|dc.description.abstract||Cowpea (Vigna Unguiculata L. Walp) is one of the most important indigenous legumes of the tropics and sub tropics. In Africa information on cowpea marketing and trade is lacking and data on cowpea production and consumption economics scattered, yet the urban population in developing world are undergoing a nutritional transition characterized by decline in consumption of traditional food crops, and increasing consumption of refined and processed foods, fats, sugars, and animal foods. There is need for a shift in philosophy of ―here‘s what we produce‖ to a situation where farmers take note of food products the consumer wants in order for their products to have a place in the market.
This study focused on consumer preference for cowpea in Soroti and Kumi district, as these produce 90% of Uganda‘s cowpea crop. Using structured questionnaire 161 households were reached and 4 focus group discussions held in Soroti and Kumi. Hedonic price model was used to estimate preference for attributes.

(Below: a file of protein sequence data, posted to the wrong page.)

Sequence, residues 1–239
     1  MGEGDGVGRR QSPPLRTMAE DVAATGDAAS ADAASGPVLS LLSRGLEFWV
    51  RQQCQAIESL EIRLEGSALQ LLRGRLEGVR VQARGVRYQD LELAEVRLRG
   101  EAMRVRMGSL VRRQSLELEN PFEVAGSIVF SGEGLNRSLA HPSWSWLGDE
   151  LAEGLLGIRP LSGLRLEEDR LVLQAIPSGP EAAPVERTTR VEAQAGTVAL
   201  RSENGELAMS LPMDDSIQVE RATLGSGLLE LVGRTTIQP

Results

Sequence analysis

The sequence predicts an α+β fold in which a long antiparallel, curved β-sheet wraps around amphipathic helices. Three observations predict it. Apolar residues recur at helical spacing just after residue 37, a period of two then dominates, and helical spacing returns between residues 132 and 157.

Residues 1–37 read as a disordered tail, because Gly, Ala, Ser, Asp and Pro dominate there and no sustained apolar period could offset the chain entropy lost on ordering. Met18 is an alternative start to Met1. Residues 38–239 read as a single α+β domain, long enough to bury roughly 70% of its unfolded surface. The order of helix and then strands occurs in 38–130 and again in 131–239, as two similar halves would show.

Study results showed that cowpeas are important part of diet as is consumed by up to 99.4% of the households and served on important occasions (73%) like funerals, child naming and to visitors, (71%). This popularity, and extensive current consumption, could translate in to a good market potential for the crop, if tapped well. It‘s more cherished by women (65.84%) and is consumed by over 90% of all the age groups. However, less and less parents teach their children how to prepare the crop, this being a potential danger of extinction of the crop in the future.
Consumers have preference for white and tan testa cowpea and large seeded crop, associated with Ebalat, SECOW 2W and Icirikukwai. Results show that seed color (56%) and seed size are the most important quality parameters consumers consider in their decision to purchase. Consumers are willing to pay a premium for white grain color, the coefficients for all the other 4 varieties except Kenyan being positive and statistically significant. The Ugandan consumers discounted the black seeded cowpeas. These results suggest that efforts to improve upon grain size and the white testa color will be worthwhile in Uganda as consumers seem to be more interested in large seeds and white testa. Consumers are willing to pay more for a pure product and therefore it is recommended that traders and producers sort their seeds before sale. Awareness creation campaigns on nutritional importance of cowpeas and a study in regional preference and demand are recommended.||en_US